Pets In Need is a “no-kill” organization, and its employees routinely travel to shelters in other parts of the state that do permit euthanization to collect animals that are more likely to secure adoption in the Bay Area. On Aug. 2, PIN staff members Patricia Santana Valencia, Margaret C. Evans and Ingrid Anne Hartmann drove a transport van to the Central Valley to retrieve as many as 28 animals, including a litter of seven pit bull/Labrador retriever puppies, according to a Palo Alto Police Department press release. Temperatures in that region that day rose to between 90 and 100 degrees, and the women discovered the puppies were unresponsive when the van returned to the Palo Alto shelter. They sought emergency medical help from veterinary staff members, but the puppies could not be revived.
On Oct. 25, a judge signed arrest warrants for Valencia, Evans and Hartmann, and officers detained and cited the three women on charges of animal cruelty and neglect, two misdemeanors, the following day.
Whether the animals transported in the van had adequate access to air conditioning is a matter of contention among police, PIN executives and PIN staff. Following issuance of the citations, Mollica refuted police reports stating they did not have access to A/C, but a group of staff members penned an Aug. 9 letter to the organization’s board of directors supporting the police department’s narrative. The letter was later forwarded to the Palo Alto City Council.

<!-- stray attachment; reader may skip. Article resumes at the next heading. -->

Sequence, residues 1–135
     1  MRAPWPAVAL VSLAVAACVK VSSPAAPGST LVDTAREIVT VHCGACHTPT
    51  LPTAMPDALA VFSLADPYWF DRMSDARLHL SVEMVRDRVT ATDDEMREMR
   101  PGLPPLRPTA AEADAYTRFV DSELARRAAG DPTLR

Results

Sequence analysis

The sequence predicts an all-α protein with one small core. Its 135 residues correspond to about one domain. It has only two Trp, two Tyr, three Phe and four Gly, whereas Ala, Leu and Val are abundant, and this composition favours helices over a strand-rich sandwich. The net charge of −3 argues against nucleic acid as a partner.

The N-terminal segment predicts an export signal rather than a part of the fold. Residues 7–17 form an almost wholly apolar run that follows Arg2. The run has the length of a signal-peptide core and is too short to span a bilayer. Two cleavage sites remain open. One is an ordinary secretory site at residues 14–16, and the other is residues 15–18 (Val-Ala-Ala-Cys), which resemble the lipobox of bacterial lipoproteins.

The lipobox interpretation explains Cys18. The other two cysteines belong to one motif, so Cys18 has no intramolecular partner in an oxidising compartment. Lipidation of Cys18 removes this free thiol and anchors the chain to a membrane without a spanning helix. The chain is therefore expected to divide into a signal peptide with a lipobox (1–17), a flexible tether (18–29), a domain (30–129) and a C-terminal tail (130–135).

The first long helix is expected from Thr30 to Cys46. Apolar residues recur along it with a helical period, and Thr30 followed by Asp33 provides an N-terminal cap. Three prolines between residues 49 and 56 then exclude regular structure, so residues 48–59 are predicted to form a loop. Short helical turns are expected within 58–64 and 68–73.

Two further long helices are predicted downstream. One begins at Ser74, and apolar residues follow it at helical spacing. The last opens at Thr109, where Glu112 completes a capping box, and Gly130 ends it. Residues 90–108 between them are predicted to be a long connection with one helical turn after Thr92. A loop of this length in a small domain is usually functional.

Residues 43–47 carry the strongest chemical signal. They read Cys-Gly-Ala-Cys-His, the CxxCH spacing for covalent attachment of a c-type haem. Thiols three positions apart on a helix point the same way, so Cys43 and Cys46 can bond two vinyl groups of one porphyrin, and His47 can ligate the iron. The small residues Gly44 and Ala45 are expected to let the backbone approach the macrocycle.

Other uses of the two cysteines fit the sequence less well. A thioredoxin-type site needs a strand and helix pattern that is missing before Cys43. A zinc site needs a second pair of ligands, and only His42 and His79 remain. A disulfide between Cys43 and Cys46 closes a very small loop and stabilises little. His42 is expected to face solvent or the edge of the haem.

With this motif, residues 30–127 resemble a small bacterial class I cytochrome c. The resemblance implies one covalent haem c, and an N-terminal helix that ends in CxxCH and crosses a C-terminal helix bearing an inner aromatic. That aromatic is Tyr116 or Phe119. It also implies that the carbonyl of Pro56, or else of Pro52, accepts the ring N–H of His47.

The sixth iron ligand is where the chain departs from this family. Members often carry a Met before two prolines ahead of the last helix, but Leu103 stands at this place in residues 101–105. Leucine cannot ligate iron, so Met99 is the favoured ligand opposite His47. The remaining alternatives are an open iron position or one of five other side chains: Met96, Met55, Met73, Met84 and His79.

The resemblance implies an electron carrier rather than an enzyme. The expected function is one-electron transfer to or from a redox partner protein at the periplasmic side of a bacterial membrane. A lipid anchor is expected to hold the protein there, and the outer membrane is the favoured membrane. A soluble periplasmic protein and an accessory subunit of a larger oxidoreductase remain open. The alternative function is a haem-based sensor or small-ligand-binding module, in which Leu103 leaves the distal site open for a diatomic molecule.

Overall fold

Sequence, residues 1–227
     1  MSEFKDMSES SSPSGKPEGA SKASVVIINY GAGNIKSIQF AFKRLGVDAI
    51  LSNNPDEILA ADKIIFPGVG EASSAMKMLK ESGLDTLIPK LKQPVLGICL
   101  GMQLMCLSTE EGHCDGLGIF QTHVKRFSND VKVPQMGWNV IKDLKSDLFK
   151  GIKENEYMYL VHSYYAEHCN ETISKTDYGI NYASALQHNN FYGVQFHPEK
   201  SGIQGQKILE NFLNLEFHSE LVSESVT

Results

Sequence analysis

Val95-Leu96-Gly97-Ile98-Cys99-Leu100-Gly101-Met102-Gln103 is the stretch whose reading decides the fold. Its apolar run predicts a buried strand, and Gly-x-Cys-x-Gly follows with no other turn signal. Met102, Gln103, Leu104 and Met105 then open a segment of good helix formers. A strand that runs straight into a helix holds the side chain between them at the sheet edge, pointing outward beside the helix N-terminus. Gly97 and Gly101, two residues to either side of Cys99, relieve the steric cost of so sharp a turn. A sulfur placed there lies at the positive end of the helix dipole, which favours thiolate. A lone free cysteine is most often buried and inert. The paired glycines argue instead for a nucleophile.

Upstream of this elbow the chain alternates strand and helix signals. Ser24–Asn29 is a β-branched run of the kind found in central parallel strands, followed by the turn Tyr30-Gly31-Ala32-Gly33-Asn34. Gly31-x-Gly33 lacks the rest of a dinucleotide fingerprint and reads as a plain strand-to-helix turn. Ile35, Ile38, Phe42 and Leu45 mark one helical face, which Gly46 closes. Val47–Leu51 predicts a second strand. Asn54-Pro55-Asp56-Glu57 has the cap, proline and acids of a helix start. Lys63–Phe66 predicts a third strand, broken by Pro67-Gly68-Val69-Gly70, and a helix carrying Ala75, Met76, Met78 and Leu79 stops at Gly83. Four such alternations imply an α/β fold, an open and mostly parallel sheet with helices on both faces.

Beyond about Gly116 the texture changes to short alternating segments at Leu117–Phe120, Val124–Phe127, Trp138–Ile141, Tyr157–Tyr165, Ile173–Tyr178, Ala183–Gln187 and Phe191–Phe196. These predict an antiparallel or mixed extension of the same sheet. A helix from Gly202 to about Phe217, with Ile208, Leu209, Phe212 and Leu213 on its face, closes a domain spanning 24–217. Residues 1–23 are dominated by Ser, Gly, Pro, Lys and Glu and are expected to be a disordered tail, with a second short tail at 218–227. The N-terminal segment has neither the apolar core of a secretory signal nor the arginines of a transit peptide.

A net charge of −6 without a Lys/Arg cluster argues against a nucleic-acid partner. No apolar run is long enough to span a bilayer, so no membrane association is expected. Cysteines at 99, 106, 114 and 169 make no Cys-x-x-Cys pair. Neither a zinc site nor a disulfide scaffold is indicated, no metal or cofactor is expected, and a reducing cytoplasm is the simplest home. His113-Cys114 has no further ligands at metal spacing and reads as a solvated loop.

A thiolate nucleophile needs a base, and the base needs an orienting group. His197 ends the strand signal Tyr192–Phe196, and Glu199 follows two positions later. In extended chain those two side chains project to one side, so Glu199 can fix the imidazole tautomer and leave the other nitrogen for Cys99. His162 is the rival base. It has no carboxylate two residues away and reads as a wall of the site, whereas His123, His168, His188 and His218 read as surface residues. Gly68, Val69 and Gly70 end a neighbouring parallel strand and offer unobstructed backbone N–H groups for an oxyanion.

The letter alleges the three women failed to follow PIN protocols. Their actions include using a vehicle with poor air circulation because it was more spacious than an alternative one, and it could accommodate a second passenger, an unusual circumstance. Also, despite the puppies’ unhealthy appearance, the women accepted them from their originating shelter without a medical director’s authorization.
None of the transported animals were provided with water or breaks outside their kennels, and the puppies were confined to a cramped kennel shrouded in a towel meant to “protect the other animals from potential disease,” the letter stated. Instead, the towel prevented proper ventilation.